Cop's partner 'stunned' by Justine Damond killing
THE partner of the police officer who shot and killed Australian woman Justine Ruszczyk Damond was "stunned" when his colleague opened fire on the bride-to-be, local media has reported.
The second Minneapolis police officer who responded to the 40-year-old's 911 call has been identified as Matthew Harrity.
Mr Harrity's lawyer Fred Bruno confirmed his client was driving the squad car that was sent to the alleyway behind Ms Damond's home, and officer Mohamed Noor, who shot the Sydney woman, was in the passenger seat.
It is believed Noor reached across Harrity and while seated fired several shots out the window at Ms Damond when she approached the vehicle.
A police source told KARE11 Harrity was "stunned" when his partner opened fire, the Minneapolis news station reported.
Both men have been put on "paid administrative leave" by the police department after the Saturday night incident.
Officer Harrity, it has been revealed, had only been on the job for a year and his partner, Noor, had only two years experience as a police officer.
Noor was already being sued over an excessive force complaint, filed to the US District Court only three weeks before Ms Damond's shooting.
Her death has been ruled a homicide.
Ms Damond's grieving family has been damning of police over their handling of the shock incident.
Her frustrated husband-to-be Don Damond yesterday told media he had been given few details from authorities about why his fiancee was fatally shot.
"Sadly, her family and I have ben provided with almost no additional information from law enforcement regarding what happened after police arrived," he told reporters outside his home near where Ms Damond was gunned down.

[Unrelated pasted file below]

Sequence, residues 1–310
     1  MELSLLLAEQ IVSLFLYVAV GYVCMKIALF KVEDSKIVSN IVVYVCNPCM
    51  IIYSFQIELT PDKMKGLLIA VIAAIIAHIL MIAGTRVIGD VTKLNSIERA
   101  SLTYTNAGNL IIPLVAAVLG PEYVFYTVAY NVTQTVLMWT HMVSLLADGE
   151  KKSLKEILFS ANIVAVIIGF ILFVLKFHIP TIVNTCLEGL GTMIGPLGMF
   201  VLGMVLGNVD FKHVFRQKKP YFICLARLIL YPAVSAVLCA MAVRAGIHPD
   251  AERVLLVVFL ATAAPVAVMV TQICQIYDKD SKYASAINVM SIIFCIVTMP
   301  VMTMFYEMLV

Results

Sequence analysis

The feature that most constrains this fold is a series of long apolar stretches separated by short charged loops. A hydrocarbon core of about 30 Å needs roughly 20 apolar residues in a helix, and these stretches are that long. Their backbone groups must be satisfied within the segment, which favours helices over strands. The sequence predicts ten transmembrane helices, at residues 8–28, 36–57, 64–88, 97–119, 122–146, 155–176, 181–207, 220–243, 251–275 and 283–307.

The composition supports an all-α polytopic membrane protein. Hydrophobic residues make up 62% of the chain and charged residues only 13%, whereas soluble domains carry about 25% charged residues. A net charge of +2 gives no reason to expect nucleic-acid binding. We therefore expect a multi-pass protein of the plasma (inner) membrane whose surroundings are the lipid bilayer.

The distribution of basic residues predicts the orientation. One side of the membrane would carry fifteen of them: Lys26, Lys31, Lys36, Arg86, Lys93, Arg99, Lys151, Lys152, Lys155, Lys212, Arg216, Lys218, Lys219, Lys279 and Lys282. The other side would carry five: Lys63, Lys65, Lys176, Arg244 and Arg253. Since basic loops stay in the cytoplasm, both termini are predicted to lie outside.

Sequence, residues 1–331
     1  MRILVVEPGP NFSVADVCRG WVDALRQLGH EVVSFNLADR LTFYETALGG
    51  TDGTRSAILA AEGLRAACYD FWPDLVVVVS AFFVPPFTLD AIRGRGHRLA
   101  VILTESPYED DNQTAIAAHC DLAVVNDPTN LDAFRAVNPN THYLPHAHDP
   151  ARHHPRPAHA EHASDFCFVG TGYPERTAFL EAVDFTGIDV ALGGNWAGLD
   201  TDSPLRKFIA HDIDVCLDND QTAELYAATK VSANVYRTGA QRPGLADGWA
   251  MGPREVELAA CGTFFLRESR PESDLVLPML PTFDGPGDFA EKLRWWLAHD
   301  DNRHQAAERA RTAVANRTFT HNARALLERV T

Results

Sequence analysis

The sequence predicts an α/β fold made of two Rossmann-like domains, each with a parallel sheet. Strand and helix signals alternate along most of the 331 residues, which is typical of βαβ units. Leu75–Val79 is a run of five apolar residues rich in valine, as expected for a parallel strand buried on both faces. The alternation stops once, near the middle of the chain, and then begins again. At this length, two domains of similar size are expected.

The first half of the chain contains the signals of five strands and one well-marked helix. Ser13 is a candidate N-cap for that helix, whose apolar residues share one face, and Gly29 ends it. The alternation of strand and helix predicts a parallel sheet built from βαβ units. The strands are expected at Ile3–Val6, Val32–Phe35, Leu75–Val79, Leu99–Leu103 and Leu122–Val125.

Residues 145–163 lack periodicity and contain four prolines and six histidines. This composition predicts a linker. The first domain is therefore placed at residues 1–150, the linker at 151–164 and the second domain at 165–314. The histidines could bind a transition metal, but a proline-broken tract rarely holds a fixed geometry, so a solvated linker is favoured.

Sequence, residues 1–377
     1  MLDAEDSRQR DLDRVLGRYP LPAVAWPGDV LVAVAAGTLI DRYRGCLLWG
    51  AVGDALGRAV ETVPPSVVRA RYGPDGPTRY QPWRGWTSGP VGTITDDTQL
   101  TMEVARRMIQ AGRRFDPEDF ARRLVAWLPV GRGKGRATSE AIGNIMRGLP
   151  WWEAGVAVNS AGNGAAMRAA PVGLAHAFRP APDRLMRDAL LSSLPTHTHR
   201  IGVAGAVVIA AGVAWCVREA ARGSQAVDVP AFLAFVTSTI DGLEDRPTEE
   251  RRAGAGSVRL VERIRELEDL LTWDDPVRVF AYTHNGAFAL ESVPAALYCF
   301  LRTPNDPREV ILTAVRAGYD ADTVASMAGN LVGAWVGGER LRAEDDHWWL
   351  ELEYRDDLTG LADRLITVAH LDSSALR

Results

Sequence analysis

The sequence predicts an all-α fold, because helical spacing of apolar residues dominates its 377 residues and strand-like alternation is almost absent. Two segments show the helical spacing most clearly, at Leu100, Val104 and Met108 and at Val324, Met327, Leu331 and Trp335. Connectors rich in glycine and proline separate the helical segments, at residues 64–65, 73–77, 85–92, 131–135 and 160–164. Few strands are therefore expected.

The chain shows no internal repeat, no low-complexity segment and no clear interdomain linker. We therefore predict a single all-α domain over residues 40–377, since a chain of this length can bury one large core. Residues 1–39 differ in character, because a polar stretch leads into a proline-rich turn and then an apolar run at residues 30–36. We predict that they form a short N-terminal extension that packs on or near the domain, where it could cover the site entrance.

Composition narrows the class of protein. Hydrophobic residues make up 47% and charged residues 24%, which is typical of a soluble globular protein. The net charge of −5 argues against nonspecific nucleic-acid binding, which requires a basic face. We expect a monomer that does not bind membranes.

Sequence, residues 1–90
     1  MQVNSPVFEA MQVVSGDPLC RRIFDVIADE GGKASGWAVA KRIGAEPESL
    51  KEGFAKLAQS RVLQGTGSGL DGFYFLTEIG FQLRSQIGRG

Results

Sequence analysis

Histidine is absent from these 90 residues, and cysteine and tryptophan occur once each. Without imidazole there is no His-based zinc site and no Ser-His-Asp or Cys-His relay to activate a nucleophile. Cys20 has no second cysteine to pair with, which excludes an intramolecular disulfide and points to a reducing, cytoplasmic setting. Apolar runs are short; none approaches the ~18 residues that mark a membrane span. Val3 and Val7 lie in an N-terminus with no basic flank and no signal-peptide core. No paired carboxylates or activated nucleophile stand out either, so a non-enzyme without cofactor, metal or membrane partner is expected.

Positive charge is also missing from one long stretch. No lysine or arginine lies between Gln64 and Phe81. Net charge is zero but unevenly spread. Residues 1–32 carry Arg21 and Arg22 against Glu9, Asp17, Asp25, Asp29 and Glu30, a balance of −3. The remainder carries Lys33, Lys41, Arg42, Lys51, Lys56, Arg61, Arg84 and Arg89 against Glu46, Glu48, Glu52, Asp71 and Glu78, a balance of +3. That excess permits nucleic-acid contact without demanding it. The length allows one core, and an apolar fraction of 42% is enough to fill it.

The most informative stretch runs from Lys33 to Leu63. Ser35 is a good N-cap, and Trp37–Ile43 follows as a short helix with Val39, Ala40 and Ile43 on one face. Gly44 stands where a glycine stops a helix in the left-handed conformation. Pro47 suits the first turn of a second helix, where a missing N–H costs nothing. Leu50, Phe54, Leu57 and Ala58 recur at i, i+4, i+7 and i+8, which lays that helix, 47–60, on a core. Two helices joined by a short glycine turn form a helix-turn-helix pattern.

Questions have also been raised over why the officers' body-worn cameras weren't turned on before the shooting. Their failure to record the incident is an apparent violation of the Minneapolis Police Department's policy.
Rules laid out in the Minneapolis Police Department's Policy & Procedure Manual specify that body worn cameras (BWC) are to be activated by police "prior to any use of force".
If the BWC has not been activated, it must be activated "as soon as it is safe to do so".
The manual states: "If there is a failure to activate the BWC in any of the above situations, the Officer shall document the reasons for the failure in the Officer's report or supplement."
Minneapolis police vehicles equipped with "mobile video recording equipment" in order to "capture video for criminal, civil and traffic-related court cases".
While the department has acknowledged cameras did not capture the incident, it is unknown whether cameras were not functioning properly, if they were working but had been switched off, or if the officers involved intentionally or unintentionally failed to activate them.
The department's internal affairs process will determine whether a law enforcement agency policy was broken, the state's Bureau of Criminal Apprehension has said.
Ms Damond's family both in the US and in Australia have said they are desperate for answers.
A dawn vigil has been held at Sydney's Freshwater Beach where people gathered to pay tribute to Ms Damond and support her family.
The crowd, led by Ms Damond's father John Ruszczyk, paid silent tribute to the passionate yoga and meditation teacher and life coach, who was originally from the area.
Prime Minister Malcolm Turnbull has this morning committed to seek answers for the family.
"This is a shocking killing. It is inexplicable," he told the Nine Network.
"How can a woman out in the street in her pyjamas, seeking assistance from police be shot like that? It is a shocking killing, and we are demanding answers on behalf of her family."